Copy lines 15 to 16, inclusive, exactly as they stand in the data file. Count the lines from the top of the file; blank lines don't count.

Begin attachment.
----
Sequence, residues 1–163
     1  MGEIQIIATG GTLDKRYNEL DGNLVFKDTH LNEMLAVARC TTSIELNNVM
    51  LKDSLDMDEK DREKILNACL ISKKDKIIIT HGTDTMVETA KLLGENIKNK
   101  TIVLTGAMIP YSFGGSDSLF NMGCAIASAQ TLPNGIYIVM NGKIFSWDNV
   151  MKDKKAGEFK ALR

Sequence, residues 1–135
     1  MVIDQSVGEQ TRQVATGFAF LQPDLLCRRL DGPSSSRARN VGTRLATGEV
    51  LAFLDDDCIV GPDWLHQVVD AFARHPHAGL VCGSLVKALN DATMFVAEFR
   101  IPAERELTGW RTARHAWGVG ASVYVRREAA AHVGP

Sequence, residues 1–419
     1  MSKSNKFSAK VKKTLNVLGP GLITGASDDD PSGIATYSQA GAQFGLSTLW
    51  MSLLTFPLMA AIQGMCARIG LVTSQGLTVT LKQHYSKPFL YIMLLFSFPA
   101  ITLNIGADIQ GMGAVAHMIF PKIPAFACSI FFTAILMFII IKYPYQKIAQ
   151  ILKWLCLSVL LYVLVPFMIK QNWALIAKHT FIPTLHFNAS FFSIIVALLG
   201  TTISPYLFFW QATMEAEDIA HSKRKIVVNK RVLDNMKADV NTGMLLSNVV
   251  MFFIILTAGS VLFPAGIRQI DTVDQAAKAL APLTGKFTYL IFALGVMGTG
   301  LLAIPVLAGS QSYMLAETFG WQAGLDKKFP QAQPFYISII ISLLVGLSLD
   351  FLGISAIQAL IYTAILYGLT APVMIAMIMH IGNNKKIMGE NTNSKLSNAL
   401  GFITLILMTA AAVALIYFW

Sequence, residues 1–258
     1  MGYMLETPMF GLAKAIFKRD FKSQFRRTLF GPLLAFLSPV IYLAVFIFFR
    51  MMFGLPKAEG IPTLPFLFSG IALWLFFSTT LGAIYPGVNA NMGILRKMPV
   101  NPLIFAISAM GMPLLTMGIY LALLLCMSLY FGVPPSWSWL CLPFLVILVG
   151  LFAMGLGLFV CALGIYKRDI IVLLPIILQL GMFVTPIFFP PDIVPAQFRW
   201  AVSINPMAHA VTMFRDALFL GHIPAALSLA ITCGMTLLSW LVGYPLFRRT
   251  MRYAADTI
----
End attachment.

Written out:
   201  TTISPYLFFW QATMEAEDIA HSKRKIVVNK RVLDNMKADV NTGMLLSNVV
   251  MFFIILTAGS VLFPAGIRQI DTVDQAAKAL APLTGKFTYL IFALGVMGTG